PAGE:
The problem blends with the transit of migrants who cross the region in search of the American drea...
VALPARAÍSO, Chile – After being severely hit by an outbreak of the Infectious Salmon Anemia virus (ISA), the Chilean salmon industry has started to rebound thanks to sanitary measures preventing the spread of the infection.
“Although we suffered a big blow, we have an excellent outlook,” said Carlos Odebret, general manager of Chilean salmon producers association SalmonChile.
The virus, which first appeared in Chile in July 2007, caused the overall production of salmon to plummet 50% and 15,000 employees to lose their jobs, according to the country’s National Fisheries Service.
The Chilean salmon industry “suffered a brutal loss of around US$2 billion between 2007 and 2009,” José Gago, vice president of SalmonChile said, “which is more or less the assets that had been formed in the 25 years the industry has existed.”
In 2010, the revenues for the industry are expected to be about US$1.4 billion, Gago said.
But artisan fishermen remain concerned, as research indicates the virus can also harm salmon in the wild and not just those raised in farms, where all the containment and relief efforts have been focused, said Cristian Tapia, a lawyer representing Chile’s National Artisan Fishermen Confederation (CONAPACH).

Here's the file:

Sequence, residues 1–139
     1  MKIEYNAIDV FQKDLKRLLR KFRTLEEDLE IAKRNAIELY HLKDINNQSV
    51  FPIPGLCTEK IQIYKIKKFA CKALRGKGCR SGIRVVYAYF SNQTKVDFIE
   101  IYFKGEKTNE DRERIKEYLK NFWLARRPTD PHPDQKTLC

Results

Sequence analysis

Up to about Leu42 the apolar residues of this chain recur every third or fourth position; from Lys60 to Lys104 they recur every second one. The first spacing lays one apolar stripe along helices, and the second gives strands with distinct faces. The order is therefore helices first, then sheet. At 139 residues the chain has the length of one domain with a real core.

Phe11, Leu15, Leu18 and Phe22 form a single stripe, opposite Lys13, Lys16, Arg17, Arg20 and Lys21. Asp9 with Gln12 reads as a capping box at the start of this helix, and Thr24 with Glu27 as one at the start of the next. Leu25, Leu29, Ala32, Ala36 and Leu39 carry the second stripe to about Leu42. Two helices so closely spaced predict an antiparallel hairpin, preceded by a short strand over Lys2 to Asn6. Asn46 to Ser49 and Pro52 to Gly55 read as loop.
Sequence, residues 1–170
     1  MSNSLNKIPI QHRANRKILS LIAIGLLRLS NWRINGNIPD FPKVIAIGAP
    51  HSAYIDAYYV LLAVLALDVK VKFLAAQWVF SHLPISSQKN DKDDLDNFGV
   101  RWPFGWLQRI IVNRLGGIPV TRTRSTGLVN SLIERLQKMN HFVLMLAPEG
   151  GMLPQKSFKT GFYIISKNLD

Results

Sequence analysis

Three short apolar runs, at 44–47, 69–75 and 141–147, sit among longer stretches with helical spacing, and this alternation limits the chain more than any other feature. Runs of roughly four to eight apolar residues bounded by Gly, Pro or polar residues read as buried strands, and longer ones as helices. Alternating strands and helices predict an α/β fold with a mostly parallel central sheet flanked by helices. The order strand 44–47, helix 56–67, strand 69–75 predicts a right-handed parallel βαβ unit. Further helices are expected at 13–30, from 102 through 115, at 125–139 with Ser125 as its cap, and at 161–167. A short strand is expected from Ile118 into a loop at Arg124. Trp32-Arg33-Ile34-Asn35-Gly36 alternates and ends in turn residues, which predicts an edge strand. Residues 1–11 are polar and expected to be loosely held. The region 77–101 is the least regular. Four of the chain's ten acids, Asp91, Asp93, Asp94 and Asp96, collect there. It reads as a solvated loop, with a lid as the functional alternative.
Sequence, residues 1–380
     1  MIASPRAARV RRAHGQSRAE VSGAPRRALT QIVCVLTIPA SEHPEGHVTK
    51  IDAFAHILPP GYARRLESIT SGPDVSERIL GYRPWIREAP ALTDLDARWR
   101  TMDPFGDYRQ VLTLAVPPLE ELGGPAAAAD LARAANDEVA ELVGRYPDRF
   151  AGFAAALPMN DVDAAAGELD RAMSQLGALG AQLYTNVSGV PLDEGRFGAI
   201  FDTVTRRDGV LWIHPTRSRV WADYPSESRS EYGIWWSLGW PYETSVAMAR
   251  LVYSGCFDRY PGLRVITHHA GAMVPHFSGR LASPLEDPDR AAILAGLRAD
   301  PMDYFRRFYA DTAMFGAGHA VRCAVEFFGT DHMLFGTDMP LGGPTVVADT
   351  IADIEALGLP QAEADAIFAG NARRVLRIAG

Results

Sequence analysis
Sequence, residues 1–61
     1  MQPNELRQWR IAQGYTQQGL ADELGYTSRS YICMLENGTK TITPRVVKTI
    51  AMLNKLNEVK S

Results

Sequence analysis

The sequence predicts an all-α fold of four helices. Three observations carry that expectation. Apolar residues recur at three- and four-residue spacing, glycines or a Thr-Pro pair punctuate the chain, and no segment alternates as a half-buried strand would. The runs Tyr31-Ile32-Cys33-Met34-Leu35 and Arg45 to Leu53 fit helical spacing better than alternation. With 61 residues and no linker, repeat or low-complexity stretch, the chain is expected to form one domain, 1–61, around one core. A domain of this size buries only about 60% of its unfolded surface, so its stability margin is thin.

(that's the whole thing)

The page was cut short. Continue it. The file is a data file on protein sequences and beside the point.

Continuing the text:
“If the disease moves to wild species, this will cause the wild salmon population to decrease, thus hurting artisan fishermen,” he said.
What is ISA?
The ISA virus causes high mortality in salmon populations, especially in Atlantic salmon, which is the most common type in Chile’s fishing farms, said Dr. Soledad Álvarez, a veterinary in Valparaíso.
“The disease causes the darkening of the fish’s skin, anemia, hemorrhages in the spleen and liver and increases the size of the animal,” she said.
Chile is the second largest exporter of fish in the world, trailing only Norway, according to SalmonChile, which includes more than 30 salmon companies in the southern part of the country.
In 2008, sales of exported salmon were US$2.33 billion, but in 2009, they barely reached US$2 billion, according to Chile’s Central Bank.
Containment measures by the government included sanitation control, constant monitoring and the disposal of fish presenting symptoms, the Fisheries Service said in a statement.
The country’s vast water resources and the sophistication of its salmon industry are propelling the rebound, said Renee Valenzuela, who owns a salmon company.
“Chile’s potential as a producer of salmon is huge,” he said. “The sector has the human resources to develop a clean, productive and self-sufficient salmon industry.”